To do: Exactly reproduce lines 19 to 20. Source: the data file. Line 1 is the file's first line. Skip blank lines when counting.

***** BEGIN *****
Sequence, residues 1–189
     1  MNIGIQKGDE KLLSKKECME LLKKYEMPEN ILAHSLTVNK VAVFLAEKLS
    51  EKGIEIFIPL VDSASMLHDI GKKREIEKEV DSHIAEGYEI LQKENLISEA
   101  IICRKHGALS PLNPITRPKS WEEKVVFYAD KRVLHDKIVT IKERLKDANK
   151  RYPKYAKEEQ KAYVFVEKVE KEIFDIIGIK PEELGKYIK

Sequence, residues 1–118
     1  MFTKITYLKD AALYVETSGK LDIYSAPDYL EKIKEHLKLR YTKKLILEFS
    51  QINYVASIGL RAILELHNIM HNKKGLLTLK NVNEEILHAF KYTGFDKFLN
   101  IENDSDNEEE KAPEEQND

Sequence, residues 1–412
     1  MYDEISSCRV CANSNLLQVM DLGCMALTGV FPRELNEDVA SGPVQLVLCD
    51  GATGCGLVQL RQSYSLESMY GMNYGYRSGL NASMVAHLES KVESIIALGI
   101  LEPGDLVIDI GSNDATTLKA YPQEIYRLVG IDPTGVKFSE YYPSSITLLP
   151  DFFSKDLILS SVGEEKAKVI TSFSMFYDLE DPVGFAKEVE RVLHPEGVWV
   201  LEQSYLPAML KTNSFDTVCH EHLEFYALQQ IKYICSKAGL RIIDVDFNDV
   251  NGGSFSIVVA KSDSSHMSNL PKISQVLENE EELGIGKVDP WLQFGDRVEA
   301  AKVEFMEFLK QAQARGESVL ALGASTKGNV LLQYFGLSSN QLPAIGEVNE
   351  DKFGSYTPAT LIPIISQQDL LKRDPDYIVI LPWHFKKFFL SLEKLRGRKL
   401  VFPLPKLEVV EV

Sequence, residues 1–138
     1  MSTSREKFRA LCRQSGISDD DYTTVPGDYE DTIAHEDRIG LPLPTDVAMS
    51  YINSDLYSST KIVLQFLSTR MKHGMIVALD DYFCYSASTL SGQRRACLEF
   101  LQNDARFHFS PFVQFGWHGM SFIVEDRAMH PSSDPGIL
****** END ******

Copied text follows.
   401  VFPLPKLEVV EV

Sequence, residues 1–138